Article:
Piotr Albrecht Bara, a coachman (b. 1827—d. 1904) was born at Malenin, the son of Augustin Bara (b. 1794—d. 1847) and Justyna Apolonia Dering (b. 1792—d. 1863). Peter married on 7 February 1858 at the Church of the Holy Cross in Tczew to Eleanora (Helena) Wilhelmina Maaś (b. 1829 at Elbląg—d. 1909). Very fond of horses, Peter was a driver for the Premier of Poland and Helena was a Governess in Poland, being fairly well educated. The family born at at Gniszewo were Franciszek Jozef (b. 1858—d. 1932), August Karol (b. 1860—d. 1865), Maryanna Rozalia (b. 1861—d. 1873), Teresia Augusta (b. 1863—d. 1939), Robert Jakob (b. 1865—d. 1865), Maria Louisa (b. 1866—d. 1965) and Wilhelmine (Minnie) Auguste (b. 1867—d. 1946). The family had moved when they had their youngest child, Bernhard (b. 1870—d. 1951). A baptism has never been located for Bernhard but his New Zealand naturalisation states he was born in Garsau – Gardschau (Godziszewo). The family are located at the village of Czarnocin where their daughter Maryanna Rosalia died in 1873 at twelve years of age. They left the village of Czarnocin for Hamburg, where they set aboard the Reichstag on 10 May 1874, arriving at Port Nicholson in Wellington on 6 August 1874.
Listed aboard were—Peter Bahra age 45, Helena 45, Franz 16, Rosa 12, Maria 7, Minna 6 and Bernhardt 4. They travelled south to Waihola where Peter settled and worked on the railway. He purchased property in block 22 at Waihola on 15 December 1874 where he built the family a sod cottage of which a wooden room was later added. The cottage was surrounded by beautiful gardens and was enclosed with a white picket fence. According to the 1882’ Return of Freeholders, the property covered two acres of land to the value of £200. Peter was tall in stature bearing a long beard and was regarded a well spoken gentleman while Emma was known as a superb cook. They were both naturalised as New Zealand citizens on 9 December 1899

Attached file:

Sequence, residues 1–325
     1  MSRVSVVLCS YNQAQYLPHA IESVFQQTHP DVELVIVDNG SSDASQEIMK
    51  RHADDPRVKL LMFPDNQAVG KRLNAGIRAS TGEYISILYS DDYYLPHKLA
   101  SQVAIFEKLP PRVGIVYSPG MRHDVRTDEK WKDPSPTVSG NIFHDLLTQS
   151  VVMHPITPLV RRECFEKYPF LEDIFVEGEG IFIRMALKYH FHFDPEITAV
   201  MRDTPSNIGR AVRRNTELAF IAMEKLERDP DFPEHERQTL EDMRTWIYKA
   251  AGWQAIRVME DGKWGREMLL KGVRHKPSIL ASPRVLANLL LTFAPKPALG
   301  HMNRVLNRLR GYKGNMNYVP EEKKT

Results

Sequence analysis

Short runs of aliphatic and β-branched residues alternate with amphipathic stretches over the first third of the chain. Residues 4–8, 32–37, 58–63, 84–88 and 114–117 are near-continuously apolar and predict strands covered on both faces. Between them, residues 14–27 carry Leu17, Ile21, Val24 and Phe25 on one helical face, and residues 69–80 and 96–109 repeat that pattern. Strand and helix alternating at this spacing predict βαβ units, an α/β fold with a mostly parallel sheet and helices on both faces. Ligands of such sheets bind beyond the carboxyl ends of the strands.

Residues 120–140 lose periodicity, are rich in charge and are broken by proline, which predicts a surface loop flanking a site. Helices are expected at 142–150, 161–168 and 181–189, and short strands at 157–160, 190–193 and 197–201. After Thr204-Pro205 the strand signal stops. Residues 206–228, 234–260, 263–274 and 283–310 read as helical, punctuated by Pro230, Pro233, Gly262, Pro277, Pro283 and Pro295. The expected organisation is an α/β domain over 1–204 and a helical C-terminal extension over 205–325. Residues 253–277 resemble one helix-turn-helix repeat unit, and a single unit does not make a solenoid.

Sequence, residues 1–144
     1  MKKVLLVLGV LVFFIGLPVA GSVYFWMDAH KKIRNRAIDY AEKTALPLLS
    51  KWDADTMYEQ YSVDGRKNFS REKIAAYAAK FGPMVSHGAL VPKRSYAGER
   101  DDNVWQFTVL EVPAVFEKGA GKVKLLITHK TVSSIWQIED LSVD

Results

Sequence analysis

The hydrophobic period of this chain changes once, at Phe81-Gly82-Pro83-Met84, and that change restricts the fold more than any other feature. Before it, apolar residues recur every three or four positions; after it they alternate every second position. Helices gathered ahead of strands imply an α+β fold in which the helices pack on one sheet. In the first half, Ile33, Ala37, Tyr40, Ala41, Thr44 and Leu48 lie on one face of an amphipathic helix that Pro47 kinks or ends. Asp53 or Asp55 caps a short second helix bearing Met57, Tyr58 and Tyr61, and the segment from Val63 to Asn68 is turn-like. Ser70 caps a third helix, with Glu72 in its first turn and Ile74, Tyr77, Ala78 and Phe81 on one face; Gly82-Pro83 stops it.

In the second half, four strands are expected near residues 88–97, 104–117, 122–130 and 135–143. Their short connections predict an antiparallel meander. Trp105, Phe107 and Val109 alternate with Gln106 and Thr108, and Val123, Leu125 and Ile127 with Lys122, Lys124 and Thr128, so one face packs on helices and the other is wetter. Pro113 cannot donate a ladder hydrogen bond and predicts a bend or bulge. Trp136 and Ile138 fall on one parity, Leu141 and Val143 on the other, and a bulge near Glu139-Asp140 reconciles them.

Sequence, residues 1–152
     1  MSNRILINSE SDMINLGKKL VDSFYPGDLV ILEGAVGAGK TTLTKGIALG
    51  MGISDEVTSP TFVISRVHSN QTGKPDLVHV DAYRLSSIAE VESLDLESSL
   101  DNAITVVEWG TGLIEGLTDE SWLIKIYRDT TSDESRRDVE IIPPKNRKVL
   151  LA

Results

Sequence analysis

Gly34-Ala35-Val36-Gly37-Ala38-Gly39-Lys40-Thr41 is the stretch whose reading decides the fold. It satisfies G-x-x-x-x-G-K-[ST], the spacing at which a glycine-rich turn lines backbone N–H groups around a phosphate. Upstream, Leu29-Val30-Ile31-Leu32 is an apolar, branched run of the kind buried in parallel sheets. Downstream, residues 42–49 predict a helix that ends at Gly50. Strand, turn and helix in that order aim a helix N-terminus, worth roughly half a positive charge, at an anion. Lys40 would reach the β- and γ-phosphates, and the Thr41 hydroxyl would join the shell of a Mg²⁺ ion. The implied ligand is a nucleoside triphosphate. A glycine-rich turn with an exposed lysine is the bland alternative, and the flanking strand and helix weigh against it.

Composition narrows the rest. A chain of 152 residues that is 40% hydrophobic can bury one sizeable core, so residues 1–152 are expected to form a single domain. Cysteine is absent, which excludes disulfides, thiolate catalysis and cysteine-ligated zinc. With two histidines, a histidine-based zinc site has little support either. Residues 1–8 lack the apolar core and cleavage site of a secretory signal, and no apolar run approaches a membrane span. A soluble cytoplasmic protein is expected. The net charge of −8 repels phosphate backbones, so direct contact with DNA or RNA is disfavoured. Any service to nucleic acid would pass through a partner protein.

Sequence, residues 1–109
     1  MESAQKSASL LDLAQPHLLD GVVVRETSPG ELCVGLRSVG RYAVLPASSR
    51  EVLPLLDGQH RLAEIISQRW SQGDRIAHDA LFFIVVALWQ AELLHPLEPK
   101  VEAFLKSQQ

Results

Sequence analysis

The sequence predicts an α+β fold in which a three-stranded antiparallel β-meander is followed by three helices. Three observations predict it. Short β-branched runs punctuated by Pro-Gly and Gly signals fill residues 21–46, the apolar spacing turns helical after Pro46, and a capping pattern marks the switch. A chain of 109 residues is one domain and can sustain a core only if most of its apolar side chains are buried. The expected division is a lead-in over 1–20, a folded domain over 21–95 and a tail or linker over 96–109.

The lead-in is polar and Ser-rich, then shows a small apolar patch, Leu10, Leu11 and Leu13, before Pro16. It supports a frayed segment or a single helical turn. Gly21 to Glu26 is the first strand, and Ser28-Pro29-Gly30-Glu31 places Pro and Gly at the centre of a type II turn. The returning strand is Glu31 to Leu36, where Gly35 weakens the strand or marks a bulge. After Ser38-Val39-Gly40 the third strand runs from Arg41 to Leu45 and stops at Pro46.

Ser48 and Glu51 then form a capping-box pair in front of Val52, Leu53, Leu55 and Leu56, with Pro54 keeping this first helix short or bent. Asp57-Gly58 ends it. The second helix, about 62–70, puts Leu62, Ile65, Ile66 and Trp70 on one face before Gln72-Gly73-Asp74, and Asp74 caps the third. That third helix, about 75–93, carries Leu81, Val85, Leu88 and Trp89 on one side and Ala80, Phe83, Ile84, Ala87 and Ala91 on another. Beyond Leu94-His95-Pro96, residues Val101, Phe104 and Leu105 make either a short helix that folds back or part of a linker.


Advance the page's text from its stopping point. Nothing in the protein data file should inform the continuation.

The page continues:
Peter died at his home in Waihola after a sudden illness on 23 August 1904. “An old resident of Waihola, Peter Barra, aged 77 years, was found dead at his residence on Tuesday, 23rd inst. He occupied a room by himself, and on Monday night returned to rest as usual, but on being called next morning by his wife he made no response. As the door was snibbed inside, Mrs Barra went to a window, and not seeing her husband in bed she became alarmed, and, with the aid of some neighbours, the door was burst open, and deceased was discovered lying on the floor. At an inquest held on the body the following day before Mr A. S. Paterson, acting–coroner, Dr J. Sutherland, of Milton, who examined the body, said he was of opinion that the cause of death was sudden failure of the heart through senile decay, and a verdict in accordance with the medical testimony was returned.” 31 August 1904 Otago Witness.
Leonora (Helena/Emma) Wilhelmina died at the house of her son-in-law, Martin Klimeck of Milton on 11 September 1909; “Mrs Peter Barra, a native of Germany, and a resident at Waihola since 1874, died at Milton on Thursday last; aged 81. Two sons (who are farming in the Milton district) and three daughters, who are all married, with 14 grandchildren, survive.” 15 Sep 1909 Otago Witness. “MRS LEONORA BARRA; ÆTAT 81. On Thursday afternoon, September 9th, Mrs. Leonora Barra (nee Mass), relict of the late Peter Barra, died at the residence of her son-in-law, Mr. Martin Klimeck, Milton. Deceased was a native of Elbing, Germany, and more than fifty year age was united to Mr. Barra by the bonds which could be severed only by Death. Eight children were born to them, but when they left the Fatherland for New Zealand in 1874 three had died. On arriving in the colony the family settled at Waihola. Those of the family who survive to mourn the loss of their mother are Frank (Louden’s Gully), Bernard (North Branch), Theresa (Mrs. Halba, Lawrence), Mary (Mrs. Henderson, Australia), and Wilhelmina (Mrs. M. Klimeck, Milton). There are 14 grandchildren. The remains of deceased were laid at rest in the Fairfax Cemetery on Saturday, Rev. Father Howard conducting the religious rites at the graveside.” 13 Sep 1909 Bruce Herald. Both Peter and Emma are buried at the Fairfax Cemetery near Milton.
Franz (Frank) Joseph Barra was naturalised as a New Zealand citizen on 13 June 1887. He was married on 14 October 1896 at St. Mary’s church in Milton to Paulina (Polly) Catharina Rekowska. The family born at Waihola were James Francis (b. 1898–d. 1979) and Herbert Peter (b. 1899–d. 1993). He worked for a time on the railways then in 1899 purchased an 80 acre property for farming purposes at Loudens Gully which lies two miles east of Milton. In 1920 he purchased a further 80 acres adjoining his farm. Frank died on 8 June 1932 aged 73 and is buried at the Fairfax Cemetery near Milton.